Tennis, Strength And Conditioning
Fitness Has Significantly Changed The Game For Tennis Players
Over the past 15 years, fitness and conditioning for tennis have found their place as mandatory components for higher-level tennis play.
Fitness has now become a staple in all higher-level tennis athletes’ training, making it necessary to allow players in all sports to compete at the highest level.
Social media paints a pretty picture of the latest and greatest fitness and conditioning trends for tennis players. Tennis players such as Rafael Nadal, Novak Djokovic, Serena Willians, and Roger Federer all have this in common. They have all the fitness and conditioning components to compete at the highest level; endurance, reaction, agility, speed, coordination, flexibility, balance, and strength.
Many of the top athletes posting online their latest workouts jumping over hurdles, kicking resistance bands, throwing medicine balls at all angles, amongst many other fancy tricks.
However, the subject is often a polarizing subject when discussing the best course of action with tennis coaches and fitness coaches.
The approach varies widely for each player as we all have different needs and strengths. To achieve the required fitness skills, the path is not linear. In this blog, I hope to clear up some of the confusion and shed light on the projected path of what fitness and conditioning should look like for tennis players. Tennis is a sport that is highly physical and it requires the athlete to be some of the fittest from other sports.
Breaking Down Tennis
Tennis is a game of starting, stopping, balancing, changing direction, reaction, acute visual skills, power, and precision. It combines lower and upper body forces at all angles and displaces stress on the body in a way that few sports can compare. It calls for a wide range of health- and motor-related components of fitness with high physical and mental demands.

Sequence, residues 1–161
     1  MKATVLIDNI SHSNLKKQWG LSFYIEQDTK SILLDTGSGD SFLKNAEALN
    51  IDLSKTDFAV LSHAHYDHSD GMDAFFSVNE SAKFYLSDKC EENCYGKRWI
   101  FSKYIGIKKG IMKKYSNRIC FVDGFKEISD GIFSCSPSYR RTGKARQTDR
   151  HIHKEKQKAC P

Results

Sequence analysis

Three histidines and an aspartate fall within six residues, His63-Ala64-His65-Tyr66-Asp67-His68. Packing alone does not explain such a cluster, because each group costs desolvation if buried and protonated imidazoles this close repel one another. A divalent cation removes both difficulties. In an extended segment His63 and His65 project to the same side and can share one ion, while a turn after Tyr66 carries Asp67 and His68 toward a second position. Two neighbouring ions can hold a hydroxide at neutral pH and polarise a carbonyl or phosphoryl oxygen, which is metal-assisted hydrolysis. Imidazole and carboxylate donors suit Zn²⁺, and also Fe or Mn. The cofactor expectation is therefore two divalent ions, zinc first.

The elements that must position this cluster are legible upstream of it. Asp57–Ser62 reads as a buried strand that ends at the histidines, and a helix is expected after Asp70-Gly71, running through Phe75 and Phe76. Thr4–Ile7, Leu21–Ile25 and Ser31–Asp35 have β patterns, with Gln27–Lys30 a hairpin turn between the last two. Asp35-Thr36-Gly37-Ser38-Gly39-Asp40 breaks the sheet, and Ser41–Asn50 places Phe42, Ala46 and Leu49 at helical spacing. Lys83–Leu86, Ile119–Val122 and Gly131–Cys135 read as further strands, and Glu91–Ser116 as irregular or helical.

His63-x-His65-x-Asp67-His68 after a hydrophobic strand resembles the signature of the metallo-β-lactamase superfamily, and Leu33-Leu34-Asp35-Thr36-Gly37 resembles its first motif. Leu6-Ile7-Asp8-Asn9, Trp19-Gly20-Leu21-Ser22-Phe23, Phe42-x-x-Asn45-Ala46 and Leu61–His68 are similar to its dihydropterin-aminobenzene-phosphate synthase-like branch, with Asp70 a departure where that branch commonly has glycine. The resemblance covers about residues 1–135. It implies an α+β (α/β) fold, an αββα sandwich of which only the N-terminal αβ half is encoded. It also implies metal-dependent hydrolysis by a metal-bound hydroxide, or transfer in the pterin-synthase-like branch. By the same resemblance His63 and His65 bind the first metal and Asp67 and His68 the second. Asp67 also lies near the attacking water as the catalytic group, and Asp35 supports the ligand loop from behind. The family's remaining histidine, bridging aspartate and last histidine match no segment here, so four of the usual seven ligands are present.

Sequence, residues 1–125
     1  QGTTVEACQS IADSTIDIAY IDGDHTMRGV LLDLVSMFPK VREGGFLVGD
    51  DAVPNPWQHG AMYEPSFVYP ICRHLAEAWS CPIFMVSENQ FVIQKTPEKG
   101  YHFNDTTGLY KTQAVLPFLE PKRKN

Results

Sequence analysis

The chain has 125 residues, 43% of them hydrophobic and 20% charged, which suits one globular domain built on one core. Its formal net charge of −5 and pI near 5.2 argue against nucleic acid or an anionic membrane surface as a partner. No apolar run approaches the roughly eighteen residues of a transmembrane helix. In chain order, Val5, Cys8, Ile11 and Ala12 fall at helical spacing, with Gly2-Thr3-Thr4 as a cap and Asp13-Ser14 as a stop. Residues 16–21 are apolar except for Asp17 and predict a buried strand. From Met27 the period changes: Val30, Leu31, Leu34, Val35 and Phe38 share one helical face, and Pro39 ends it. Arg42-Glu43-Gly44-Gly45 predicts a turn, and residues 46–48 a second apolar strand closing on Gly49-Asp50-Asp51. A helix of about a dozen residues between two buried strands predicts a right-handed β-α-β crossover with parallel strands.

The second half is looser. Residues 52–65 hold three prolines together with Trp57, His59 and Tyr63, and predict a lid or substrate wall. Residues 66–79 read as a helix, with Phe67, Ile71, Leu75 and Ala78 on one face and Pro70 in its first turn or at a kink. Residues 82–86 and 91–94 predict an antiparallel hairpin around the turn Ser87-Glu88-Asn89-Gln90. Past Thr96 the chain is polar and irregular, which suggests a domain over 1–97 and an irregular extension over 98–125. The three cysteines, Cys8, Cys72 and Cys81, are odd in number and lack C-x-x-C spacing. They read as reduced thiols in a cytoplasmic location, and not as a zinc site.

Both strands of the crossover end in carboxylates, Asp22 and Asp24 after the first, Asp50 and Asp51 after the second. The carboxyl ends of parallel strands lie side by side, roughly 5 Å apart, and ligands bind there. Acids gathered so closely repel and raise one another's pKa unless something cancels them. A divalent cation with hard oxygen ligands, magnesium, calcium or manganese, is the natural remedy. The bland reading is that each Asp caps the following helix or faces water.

Specific motor recruitments are called for with split steps, pivots, turns, accelerating with proper footwork, decelerating to load and unload, to recovery steps, at a plethora of angles and speeds. It's no wonder that tennis takes years to master with the never-ending intricacies of the technical, tactical, physical, and mental demands. How does one even know where to begin with integrating fitness into a tennis routine….especially when the sport is played year-round with high demands for tournament play at the junior, ITF, and professional levels?
Volume control consists of the amount of strength and conditioning training that the athlete performs.
This is the single most important factor that should always be the number one priority in supplementing fitness & conditioning.
Volume can consist of a myriad of different fitness- and motor-related components and should always be considered with the volume of tennis play on a weekly and monthly basis. The ideal situation consists of mapping at least one mesocycle of training at a time.
A chronic physiological adaptation of the body usually takes 3-4 weeks to occur. This timeframe provides adequate time to coordinate tournament, practice, match play, and fitness/conditioning in a structured manner that allows for proper volume control. It also allows the fitness coach the ability to allocate the appropriate amount of time for the needed adaptation.
One important note to remember is that every athlete can handle different volumes of training. Some athletes require about 30% injury prevention with fitness and conditioning. Other athletes can handle high loads of high-intensity work. Most important to remember, the fitness coach should be in tune with the athletes’ fatigue state and make appropriate modifications as necessary.
Test and Set Goals
Testing the physical components of fitness helps the fitness coach establish baselines as they relate to tennis. I highly recommend watching the tennis athlete play and working alongside the tennis coach when establishing the fitness and conditioning direction of the athlete. Tennis coaches love to provide feedback, like to feel involved in the conditioning process, and respect fitness coaches that ask for feedback in the process. Testing, setting goals, and assessing the needs will provide the needed direction with training and ensure that all points of contact are on the same page.